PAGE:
• Charles Swindoll, senior pastor at Stonebriar Community Church in Frisco, Texas. In addition to his radio ministry, Swindoll has pastored congregations since 1963 and has stated he has no plans to retire. Back in 2002, readers of Leadership Journalnamed Swindoll the country’s most effective preacher, and LifeWay’s 2010 survey found his influence second only to Billy Graham’s.
• Barbara Brown Taylor, former Episcopal priest, professor, author, and theologian. She has served on the faculties of Columbia Theological Seminary, Emory's Candler School of Theology, and Mercer University's McAfee School of Theology. Taylor wrote for CT Pastors on “preaching the terrors” and ventured into “unconventional spirituality” with more recent books like An Altar in the World. She also made LifeWay’s top 10 list.
• Ralph Douglas West, founder and senior pastor of The Church Without Walls in Houston. A multisite megachurch pastor and adjunct professor of preaching at Truett, West has reflected on Martin Luther King Jr. as a preacher, and a sermon of his on Christian maturity was featured in Preaching Today.
A third of the preachers listed—Long, Robinson, Swindoll, and Taylor—also appeared on Baylor’s previous most-effective preachers list, which came out more than 20 years ago. The 1996 list included, of course, Graham; in tribute of the legendary evangelist, CT recently examined why his preaching worked.
“Some things are timeless in preaching,” like biblical teaching, the need for careful exegesis, and the awareness of context, said W. Hulitt Gloer, director of Truett’s Kyle Lake Center for Effective Preaching which conducted the survey. “The shape of the sermon may change, but the message remains the same.”
Gloer told CT that styles vary widely among the popular preachers, right down to which still stand behind a pulpit with their notes and which pace the stage with cordless mics and video illustrations.
Survey respondents were asked to assess preachers based on seven criteria: biblical/exegetical quality, relevance, personal character, theology, sermon form, effective communication, and delivery. The 12 on the list were the top-rated among 1,000 nominees.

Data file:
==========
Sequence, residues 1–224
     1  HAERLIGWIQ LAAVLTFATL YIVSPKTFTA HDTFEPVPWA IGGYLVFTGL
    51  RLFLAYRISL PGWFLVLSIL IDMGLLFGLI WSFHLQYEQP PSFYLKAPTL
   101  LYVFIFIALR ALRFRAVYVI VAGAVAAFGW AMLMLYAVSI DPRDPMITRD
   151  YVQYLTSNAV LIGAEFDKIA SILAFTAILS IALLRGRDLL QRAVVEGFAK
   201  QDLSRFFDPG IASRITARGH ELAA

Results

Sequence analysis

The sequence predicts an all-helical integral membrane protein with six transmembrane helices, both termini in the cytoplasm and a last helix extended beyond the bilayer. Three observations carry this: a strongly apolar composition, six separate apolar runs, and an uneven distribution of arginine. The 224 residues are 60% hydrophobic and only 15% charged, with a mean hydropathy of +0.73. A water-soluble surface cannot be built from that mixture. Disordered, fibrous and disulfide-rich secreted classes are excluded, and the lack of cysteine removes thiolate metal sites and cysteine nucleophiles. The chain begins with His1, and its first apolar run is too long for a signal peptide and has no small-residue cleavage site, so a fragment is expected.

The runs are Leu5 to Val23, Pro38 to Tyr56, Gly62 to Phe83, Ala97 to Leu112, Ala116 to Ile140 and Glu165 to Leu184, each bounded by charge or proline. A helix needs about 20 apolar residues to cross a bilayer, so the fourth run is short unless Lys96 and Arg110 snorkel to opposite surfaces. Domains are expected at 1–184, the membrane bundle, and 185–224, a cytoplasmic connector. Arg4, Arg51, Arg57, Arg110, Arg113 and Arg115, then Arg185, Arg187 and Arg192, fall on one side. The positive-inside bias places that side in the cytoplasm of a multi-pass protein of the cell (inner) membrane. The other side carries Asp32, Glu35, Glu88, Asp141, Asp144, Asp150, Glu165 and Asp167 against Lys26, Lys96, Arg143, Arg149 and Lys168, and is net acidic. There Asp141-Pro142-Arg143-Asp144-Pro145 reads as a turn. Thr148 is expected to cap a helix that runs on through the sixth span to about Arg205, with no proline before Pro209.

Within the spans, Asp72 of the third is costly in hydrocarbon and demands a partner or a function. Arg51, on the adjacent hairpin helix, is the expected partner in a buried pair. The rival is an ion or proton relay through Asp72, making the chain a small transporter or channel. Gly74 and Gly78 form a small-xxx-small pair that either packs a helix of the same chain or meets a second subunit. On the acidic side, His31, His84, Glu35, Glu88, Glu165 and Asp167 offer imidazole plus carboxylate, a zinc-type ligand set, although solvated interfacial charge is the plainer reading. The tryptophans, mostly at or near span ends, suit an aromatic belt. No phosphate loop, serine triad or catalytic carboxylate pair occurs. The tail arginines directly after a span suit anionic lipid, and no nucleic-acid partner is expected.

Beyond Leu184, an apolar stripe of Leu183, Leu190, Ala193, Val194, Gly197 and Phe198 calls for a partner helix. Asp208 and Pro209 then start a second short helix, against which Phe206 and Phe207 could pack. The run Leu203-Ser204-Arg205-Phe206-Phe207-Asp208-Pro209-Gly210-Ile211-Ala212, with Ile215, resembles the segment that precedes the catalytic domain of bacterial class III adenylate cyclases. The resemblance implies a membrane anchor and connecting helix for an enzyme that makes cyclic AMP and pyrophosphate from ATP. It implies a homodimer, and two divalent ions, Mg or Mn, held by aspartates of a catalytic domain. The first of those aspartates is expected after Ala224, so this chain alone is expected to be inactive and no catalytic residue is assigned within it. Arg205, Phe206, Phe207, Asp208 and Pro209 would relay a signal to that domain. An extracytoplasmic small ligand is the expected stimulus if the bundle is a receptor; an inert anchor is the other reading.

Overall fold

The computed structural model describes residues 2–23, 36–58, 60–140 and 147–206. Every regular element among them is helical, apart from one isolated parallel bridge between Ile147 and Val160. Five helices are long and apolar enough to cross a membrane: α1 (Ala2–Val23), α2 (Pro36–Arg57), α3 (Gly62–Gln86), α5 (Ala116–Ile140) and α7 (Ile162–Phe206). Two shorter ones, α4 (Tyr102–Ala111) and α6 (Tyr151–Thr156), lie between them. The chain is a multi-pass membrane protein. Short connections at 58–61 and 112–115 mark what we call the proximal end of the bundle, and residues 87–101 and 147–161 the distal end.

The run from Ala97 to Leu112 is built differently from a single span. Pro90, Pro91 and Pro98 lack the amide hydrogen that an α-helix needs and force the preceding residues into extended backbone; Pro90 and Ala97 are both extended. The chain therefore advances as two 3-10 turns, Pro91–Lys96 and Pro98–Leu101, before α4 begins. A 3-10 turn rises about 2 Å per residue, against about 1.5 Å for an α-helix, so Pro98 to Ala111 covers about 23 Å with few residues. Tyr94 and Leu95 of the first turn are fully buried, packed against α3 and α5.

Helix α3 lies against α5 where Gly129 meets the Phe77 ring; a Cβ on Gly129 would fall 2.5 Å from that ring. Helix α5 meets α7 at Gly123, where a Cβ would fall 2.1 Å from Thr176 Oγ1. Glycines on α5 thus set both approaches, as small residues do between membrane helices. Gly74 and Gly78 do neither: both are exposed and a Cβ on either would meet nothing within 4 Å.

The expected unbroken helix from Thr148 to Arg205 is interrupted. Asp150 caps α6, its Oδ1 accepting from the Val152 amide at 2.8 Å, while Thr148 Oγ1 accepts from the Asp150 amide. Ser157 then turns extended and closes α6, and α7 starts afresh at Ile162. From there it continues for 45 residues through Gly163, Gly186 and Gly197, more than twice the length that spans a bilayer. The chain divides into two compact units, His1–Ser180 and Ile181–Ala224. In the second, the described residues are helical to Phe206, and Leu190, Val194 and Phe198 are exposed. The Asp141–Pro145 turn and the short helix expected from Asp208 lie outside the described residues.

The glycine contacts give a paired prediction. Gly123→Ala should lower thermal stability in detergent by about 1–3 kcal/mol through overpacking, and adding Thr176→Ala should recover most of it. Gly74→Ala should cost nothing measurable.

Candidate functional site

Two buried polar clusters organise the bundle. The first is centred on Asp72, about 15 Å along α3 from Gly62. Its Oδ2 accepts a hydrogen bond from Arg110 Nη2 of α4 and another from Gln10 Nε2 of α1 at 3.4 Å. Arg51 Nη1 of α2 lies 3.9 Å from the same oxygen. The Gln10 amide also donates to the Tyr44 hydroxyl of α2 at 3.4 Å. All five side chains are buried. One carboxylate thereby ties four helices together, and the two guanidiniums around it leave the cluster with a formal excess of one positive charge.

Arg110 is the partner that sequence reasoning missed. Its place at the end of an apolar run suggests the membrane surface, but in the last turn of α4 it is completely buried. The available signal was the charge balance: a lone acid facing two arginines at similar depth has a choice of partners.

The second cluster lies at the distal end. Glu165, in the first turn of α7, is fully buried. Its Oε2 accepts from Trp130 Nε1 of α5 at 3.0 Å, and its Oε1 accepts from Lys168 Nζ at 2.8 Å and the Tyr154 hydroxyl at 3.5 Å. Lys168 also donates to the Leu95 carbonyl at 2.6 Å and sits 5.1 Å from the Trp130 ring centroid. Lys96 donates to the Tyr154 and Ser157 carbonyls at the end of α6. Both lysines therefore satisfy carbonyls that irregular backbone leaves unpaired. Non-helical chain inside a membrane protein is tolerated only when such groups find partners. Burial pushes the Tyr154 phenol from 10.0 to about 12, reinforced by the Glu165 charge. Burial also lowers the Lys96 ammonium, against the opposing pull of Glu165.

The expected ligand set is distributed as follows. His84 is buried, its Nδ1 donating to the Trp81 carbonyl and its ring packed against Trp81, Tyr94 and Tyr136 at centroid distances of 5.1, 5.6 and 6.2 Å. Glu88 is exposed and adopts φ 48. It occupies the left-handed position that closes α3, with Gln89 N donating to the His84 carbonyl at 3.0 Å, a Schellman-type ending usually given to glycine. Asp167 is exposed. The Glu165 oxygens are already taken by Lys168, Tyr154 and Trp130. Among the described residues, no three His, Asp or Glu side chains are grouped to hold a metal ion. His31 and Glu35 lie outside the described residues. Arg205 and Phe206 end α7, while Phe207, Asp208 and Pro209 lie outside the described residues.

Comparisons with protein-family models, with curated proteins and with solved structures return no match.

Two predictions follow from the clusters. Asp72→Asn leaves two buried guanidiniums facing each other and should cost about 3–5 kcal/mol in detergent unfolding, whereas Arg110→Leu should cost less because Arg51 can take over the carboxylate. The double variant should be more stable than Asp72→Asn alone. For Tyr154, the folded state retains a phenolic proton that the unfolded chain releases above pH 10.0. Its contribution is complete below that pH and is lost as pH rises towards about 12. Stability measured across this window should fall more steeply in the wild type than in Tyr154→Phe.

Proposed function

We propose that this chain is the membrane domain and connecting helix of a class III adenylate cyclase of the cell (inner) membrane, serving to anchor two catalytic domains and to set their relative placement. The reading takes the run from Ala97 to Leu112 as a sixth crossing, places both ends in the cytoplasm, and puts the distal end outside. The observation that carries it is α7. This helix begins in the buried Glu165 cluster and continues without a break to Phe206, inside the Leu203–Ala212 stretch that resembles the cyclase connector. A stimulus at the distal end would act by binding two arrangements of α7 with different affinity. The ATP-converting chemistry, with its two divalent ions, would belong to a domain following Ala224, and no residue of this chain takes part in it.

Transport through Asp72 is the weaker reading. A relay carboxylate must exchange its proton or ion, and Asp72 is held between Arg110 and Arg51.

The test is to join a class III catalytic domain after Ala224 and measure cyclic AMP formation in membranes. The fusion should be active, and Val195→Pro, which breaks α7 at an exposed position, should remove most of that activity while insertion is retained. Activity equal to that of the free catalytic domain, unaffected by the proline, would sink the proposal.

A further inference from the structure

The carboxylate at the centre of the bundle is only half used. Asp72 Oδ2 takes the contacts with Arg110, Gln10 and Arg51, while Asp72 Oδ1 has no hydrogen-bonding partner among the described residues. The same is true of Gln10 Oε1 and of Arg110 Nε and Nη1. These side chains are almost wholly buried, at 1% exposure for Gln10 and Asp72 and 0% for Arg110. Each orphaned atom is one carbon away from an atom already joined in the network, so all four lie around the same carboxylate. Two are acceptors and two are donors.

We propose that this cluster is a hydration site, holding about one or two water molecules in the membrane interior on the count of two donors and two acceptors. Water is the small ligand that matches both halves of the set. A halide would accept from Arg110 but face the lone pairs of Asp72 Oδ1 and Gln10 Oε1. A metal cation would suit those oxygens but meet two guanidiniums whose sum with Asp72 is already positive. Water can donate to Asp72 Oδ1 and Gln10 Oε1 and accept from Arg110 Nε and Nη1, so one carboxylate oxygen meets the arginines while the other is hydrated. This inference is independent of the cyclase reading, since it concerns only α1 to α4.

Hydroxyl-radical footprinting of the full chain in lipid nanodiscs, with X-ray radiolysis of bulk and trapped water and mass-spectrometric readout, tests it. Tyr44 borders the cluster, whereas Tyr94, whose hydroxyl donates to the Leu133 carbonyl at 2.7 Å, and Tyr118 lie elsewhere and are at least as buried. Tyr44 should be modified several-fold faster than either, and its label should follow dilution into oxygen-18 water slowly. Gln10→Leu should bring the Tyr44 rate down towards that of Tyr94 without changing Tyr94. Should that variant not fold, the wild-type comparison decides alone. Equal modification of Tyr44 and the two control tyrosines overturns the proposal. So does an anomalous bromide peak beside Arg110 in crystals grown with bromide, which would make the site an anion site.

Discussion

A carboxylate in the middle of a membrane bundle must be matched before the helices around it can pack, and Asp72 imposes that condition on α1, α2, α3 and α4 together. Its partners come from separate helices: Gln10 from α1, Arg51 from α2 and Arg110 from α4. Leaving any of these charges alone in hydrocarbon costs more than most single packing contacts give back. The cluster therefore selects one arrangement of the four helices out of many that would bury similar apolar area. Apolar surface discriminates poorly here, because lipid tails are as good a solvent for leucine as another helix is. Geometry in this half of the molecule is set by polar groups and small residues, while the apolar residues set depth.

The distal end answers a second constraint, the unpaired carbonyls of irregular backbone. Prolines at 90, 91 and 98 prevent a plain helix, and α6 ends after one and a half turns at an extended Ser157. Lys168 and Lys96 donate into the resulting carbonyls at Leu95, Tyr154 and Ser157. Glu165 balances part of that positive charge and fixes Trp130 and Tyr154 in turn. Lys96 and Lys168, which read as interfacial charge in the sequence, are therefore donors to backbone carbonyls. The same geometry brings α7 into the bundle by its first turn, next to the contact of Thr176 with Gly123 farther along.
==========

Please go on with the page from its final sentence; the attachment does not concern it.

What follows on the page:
“To meet the demands before us, we will need the same biblical, exegetical, and theological proficiency that we have always needed in the past, but we will also need more improvisational, cultural, and intercultural proficiency than we have right now,” said Jared E. Alcántara, assistant professor of homiletics at Trinity Evangelical Divinity School.
“This historical moment forces us to learn how to preach timeless truths in timely ways before diverse communities.”
A quarter of the pastors on the list—Evans, Moss, and West—are African American. CNN’s John Blake described their style in relationship to the black church tradition:
Moss’ approach to preaching is steeped in what he calls the “blue note gospel,” a message shaped by the fiery prophetic tradition of the black church. He’ll quote Gaynor’s disco anthem, a passage by author Flannery O’Connor and the Book of Isaiah all in one sermon. West’s powerful delivery embodies the “start slow, rise higher, strike fire and retire” approach of the black church as well.
Gloer emphasized the importance of exposing seminary students to a range of preaching styles for inspiration and example. The broad list demonstrates that there’s no single way to preach effectively, and that God speaks through many voices and approaches. “Each student must find their own voice,” he said.
But today’s top preachers also convey a degree of clout and celebrity, and aspiring pastors and churchgoers alike can be drawn to a particular teacher’s offerings—which are more widely accessible than ever thanks to streaming video and sermon podcasts. (It’s no coincidence that Stanley, Swindoll, Piper, Keller, and Begg all appear among the top 15 most popular Christian podcasts on iTunes.)
But ultimately, the most effective preachers have an even higher calling.
“In a world where talk is cheap and there seems to be no end to it, the preacher has to recover the priority and power of the word,” Gloer said in a press release.
“The Hebrew understanding of words is that they both say something and do something. They have the power to bless and to curse, to wound and to heal, to build and to destroy. In fact, the worldview you function with is predicated on the words you know. Words are the tools of the preacher and that gives them incredible power.”